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'This is a glimpse of the video landscape of tomorrow, when you will be able to switch to any TV station on the earth, and TV Guide will be as fat as the Manhattan telephone book.' So begins Global Groove, a seminal tape in the history of video art. This radical manifesto on global communications in a media-saturated world is rendered as a frenetic electronic collage, a sound and image pastiche that subverts the language of television. With surreal visual wit and an antic neo-Dada sensibility, Paik manipulates an emblematic pastiche of multicultural elements, artworld figures and Pop iconography.
Pepsi commercials appropriated from Japanese television are juxtaposed with performances by avant-garde artists John Cage, Merce Cunningham, Allen Ginsberg and th… Living Theatre; dancers moving in a synthesized, colorized space to Mitch Ryder's Devil with a Blue Dress On are intercut with traditional Korean dancers. Charlotte Moorman, her image wildly synthesized, plays the TV Cello; Paik and Moorman play the TV Bra for Living Sculpture; Richard Nixon's face is distorted by a magnetically altered television. In an ironic form of interactive television, Paik presents 'Participation TV,' in which he instructs viewers to open or close their eyes. Paik subjects this transcultural, intertextual content to an exuberant, stream-of-consciousness onslaught of disruptive editing and technological devices, including audio and video synthesis, colorization, ironic juxtapositions, temporal shifts and layering -- a controlled chaos that suggests a hallucinatory romp through the channels of a global TV. With its postmodern content, form and conceptual strategies, Global Groove has had a profound influence on video, television and contemporary art.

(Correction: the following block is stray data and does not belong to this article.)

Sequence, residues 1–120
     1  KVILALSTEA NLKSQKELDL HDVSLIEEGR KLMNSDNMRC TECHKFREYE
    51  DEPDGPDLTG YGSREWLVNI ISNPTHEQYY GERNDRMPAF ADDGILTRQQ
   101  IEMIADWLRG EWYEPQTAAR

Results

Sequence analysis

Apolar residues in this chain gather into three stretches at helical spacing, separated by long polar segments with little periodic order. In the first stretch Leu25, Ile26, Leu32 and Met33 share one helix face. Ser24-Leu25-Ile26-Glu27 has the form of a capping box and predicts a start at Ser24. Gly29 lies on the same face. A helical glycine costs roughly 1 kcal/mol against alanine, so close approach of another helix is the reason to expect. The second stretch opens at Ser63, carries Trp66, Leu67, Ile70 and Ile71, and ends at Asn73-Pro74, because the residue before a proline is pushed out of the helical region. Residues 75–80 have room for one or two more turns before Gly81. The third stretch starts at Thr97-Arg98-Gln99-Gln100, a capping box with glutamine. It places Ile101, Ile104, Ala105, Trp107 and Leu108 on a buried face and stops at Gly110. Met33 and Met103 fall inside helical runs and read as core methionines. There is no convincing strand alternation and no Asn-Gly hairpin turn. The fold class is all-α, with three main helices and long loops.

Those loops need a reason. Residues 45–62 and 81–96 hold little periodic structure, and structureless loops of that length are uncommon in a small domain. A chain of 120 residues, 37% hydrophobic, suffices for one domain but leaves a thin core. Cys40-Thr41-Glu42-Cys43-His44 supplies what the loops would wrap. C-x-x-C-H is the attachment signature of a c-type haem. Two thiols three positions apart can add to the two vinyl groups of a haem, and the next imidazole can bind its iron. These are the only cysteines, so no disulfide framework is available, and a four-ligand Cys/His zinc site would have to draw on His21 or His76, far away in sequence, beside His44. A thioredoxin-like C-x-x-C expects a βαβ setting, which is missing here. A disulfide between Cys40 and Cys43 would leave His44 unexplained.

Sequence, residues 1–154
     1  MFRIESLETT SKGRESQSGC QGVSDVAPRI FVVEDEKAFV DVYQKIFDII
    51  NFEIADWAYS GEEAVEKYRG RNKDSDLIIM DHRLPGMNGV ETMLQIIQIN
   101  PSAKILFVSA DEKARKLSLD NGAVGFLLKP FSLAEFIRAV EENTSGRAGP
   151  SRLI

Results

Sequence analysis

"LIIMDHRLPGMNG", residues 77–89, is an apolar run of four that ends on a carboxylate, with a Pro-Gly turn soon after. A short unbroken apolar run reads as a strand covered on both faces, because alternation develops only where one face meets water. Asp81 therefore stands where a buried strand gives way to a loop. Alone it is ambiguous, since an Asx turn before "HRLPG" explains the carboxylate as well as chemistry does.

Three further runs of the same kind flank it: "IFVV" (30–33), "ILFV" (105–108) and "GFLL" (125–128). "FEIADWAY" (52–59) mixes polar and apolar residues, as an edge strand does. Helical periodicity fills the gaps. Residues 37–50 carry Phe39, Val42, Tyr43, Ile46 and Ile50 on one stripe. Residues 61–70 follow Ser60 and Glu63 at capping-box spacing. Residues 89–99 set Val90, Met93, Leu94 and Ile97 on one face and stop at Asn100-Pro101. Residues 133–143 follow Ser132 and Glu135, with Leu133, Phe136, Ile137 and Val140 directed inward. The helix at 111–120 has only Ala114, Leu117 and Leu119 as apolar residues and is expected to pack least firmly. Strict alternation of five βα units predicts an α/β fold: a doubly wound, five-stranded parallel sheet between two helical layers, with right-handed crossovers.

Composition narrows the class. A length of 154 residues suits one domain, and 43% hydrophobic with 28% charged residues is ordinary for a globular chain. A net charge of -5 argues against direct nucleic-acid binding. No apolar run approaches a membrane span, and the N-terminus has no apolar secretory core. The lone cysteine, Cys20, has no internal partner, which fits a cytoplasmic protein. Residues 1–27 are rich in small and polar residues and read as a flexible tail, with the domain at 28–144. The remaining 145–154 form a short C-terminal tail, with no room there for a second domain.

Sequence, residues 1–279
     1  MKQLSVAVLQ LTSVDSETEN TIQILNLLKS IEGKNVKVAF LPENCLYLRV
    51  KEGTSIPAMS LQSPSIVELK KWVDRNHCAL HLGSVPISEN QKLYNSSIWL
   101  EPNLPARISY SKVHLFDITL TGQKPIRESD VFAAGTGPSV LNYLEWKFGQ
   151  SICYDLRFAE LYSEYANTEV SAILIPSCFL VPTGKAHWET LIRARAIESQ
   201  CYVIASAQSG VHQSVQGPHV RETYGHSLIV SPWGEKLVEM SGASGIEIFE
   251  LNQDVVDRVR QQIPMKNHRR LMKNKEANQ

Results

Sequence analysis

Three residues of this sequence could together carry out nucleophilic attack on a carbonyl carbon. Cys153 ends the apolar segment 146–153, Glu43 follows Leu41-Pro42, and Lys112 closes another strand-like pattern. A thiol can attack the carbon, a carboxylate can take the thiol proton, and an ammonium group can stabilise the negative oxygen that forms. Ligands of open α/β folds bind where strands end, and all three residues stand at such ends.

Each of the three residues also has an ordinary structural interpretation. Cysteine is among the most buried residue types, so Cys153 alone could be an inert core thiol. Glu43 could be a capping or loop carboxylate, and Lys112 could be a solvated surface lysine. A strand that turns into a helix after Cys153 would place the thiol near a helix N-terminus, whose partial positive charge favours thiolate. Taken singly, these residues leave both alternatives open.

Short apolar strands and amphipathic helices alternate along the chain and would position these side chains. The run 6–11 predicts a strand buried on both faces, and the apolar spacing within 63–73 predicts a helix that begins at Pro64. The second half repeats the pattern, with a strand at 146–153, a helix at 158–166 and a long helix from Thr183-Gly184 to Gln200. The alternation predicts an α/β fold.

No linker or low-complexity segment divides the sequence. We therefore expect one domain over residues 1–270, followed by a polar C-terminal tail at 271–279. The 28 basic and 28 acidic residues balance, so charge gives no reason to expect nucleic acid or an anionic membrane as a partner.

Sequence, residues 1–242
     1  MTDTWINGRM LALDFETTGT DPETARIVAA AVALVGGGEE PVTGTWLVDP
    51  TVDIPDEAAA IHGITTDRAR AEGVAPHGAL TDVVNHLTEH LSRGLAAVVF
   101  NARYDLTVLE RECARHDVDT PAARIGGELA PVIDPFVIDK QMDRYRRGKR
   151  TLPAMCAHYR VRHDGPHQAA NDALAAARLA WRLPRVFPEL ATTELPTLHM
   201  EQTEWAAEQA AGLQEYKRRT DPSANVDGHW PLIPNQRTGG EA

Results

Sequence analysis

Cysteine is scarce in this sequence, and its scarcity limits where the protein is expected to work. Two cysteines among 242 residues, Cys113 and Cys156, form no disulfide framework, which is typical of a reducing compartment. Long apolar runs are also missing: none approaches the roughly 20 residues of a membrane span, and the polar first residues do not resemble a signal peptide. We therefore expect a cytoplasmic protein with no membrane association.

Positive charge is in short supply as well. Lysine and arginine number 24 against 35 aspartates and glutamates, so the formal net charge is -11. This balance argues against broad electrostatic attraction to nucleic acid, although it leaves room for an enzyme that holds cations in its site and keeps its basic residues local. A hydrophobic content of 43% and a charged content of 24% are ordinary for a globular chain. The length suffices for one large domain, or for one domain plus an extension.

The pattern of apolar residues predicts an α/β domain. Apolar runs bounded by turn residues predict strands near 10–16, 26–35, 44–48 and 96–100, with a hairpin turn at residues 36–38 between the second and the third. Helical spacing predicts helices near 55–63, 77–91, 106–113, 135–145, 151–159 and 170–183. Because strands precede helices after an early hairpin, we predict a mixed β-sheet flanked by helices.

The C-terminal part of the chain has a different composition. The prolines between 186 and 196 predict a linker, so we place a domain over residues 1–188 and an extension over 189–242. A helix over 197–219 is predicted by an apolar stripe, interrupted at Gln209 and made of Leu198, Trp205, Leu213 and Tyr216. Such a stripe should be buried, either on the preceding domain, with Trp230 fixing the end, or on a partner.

(catalogue Electronic Arts Intermix, New York) Read more...